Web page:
A Monograph of British Trilobites

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Palĉontographical Society, 1883 - Paleontology - 224 pages
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TRILOBITE1

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Page 165 - The head is more than a third of the whole length, and longer than the thorax, which in its turn, is longer* than the caudal shield. The head is semi-oval, rather pointed in front, and has very short posterior spines ; it is broadly depressed around the margin. The...
Page 75 - ... is wide, semicircular, or less; the outer cheeks, occupying the greater part of the head, are strongly punctate, margined all round by a continuous furrow, and produced into a long head spine, — the border smooth. The eye very far forward, as in E. Sedgwicki, and the facial suture rising so high as to cut the outer margin much in advance of the middle of the head, separating a very small free cheek. The glabella is not nearly so wide as the cheeks ; it is parallel-sided, apparently not much...
Page 165 - The glabella portion is scarcely marked out : the eyes are placed nearly halfway up the head ; they are small (two lines long), the facial sutures curving out boldly beneath them, and cutting the posterior margin more than half way out from the axis. Above the eye they form a narrow ogive, and nearly follow the front margin. On the underside of the head the vertical furrow on the epistome shows distinctly through the cast. The labrum [hypostome] is imperfect, but exhibits a strong marginal groove,...
Page 166 - The pleunc are flat as far as the fulcrum, truncate at their ends, and have but a slight groove, which reaches two-thirds of the length. The fulcrum is at one-third in front, and less than half way out in the middle pleurse. The caudal axis extends three-fourths down the smooth tail, very indistinctly marked above, but in some specimens crossed by several faint rings, and is always prominent at the tip.
Page 166 - Isotelus and Basilicas ; the course of the facial suture is characteristic in both. It differs from its associate (A. affinis ?) not only by the facial suture, but by the scarcely pronounced axis of the tail. And from As. Powisii, with which it might be confounded by casual observers, the want of any tail-furrows except obscure ones on the axis, and the very slight convexity of the glabella, will easily separate it. It grows to only half the size of that species. Locality. — UPPER TREMADOC slate,...
Page 206 - The whole head is covered with the peculiar squamous lineation characteristic of the family Asaphida ; its peculiarities are more particularly described below.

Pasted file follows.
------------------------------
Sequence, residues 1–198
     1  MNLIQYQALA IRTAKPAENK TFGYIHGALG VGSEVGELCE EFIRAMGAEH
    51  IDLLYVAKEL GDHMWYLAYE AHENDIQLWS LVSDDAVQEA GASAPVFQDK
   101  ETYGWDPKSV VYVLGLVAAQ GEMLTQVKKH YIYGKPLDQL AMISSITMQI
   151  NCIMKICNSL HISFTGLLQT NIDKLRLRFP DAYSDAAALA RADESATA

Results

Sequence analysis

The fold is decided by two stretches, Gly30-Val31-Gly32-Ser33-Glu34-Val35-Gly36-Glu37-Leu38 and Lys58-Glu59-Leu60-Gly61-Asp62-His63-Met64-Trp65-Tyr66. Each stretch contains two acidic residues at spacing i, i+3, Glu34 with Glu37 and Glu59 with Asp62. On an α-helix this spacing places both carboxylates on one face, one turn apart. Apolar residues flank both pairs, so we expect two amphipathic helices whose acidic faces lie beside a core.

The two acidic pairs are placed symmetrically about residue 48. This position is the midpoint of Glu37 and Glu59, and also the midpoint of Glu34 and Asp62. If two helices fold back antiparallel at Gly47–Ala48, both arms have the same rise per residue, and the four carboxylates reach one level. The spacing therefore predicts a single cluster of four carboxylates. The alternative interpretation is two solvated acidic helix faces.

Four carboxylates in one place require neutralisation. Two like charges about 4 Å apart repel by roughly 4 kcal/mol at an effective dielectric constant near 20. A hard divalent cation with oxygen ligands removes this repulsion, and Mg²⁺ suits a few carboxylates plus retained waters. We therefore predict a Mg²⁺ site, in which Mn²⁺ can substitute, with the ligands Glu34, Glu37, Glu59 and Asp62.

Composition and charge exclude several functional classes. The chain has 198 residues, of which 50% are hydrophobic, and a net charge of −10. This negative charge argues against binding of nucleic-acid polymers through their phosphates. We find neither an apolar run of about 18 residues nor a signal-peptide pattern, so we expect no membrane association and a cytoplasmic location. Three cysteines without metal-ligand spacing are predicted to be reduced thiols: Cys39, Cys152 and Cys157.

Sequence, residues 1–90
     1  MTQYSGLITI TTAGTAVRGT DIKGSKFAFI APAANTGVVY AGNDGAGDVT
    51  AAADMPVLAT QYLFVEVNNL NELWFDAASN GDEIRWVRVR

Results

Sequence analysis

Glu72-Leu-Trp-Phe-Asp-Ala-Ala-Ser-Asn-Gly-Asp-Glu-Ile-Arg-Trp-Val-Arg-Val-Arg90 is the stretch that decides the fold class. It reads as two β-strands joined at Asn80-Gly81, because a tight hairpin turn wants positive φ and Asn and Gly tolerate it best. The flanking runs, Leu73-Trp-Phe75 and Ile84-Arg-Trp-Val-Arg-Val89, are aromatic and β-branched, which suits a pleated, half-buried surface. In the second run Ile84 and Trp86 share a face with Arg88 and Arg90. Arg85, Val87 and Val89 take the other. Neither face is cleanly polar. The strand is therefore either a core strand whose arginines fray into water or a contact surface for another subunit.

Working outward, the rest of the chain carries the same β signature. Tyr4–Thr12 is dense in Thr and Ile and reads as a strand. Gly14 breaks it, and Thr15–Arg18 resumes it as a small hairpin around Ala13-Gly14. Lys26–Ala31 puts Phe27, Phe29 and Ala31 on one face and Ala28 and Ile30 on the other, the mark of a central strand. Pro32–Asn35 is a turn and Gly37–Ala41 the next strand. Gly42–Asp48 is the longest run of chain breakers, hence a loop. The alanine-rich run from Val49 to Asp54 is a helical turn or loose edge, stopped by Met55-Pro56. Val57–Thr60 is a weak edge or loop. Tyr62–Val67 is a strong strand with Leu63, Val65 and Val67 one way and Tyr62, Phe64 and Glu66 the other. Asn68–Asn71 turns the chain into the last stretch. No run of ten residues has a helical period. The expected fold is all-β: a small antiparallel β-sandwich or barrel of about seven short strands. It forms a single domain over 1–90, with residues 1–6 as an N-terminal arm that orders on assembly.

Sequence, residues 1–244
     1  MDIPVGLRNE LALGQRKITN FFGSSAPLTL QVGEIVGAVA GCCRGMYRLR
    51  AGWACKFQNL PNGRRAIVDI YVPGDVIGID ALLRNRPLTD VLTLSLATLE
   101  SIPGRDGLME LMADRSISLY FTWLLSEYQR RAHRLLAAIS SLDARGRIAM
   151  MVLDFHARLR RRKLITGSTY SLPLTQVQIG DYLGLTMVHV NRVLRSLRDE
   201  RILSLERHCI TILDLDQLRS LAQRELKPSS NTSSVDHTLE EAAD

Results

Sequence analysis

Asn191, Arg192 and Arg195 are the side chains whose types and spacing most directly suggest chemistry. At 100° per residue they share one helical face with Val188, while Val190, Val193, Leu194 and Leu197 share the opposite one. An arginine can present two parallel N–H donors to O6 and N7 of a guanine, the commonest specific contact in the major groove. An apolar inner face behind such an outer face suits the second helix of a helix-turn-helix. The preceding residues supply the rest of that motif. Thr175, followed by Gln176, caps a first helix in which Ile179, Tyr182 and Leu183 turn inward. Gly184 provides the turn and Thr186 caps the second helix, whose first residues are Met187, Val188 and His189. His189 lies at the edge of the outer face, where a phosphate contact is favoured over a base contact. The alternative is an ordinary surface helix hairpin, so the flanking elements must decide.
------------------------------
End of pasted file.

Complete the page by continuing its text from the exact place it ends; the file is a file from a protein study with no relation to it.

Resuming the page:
Page 121 - The axis is rather narrow, and not much distinguished from the sides, the furrows being quite continuous across. There are eight of them, the upper not stronger than the rest ; and all are deep furrows, only rather less broad than the intervening ridges. They arch across the axis, which is only slightly convex, and pass direct across the sides, which are gibbous externally, but rather flattened above. The eight furrows abruptly cease at rather beyond halfway down the tail : on the sides they cease...
Page 120 - It is small, oval, prominent, and subtended by a flattened base. The facial suture runs nearly direct to the front margin from the eye, and beneath it turns abruptly outwards, gaining the outer margin considerably in advance of the facial suture. [On the cast the cheek is both granulate and punctate. I do not know the I0' 29- exterior; but it is figured as granular by Angelin.] Neck-furrow strong and broad, but not reaching the angle.
Page 133 - Our specimen may be altered in shape by the pressure accompanying cleavage ; but in the figure some allowance is made for this. If not sufficiently so, still the form must have been a very wide and rounded one, and can scarcely ever have had the shape of the species next described, although evidently closely allied to it. Locality. — UPPER TREMADOC ROCKS. Northern face of the Garth hill, at the mouth of the Traeth Bach, Merionethshire, in company with abundant specimens of Angelina and other trilobites...
Page 206 - The fulcrum is, of course, far outwards; and is formed by a short forward bend of each pleura, which then continues in the general direction, is sharpened anteriorly for rolling, and curves forward at its blunt end ; the foremost pleurae are rapidly shortened, the whole of the lateral portions of the great head projecting beyond them (fig.

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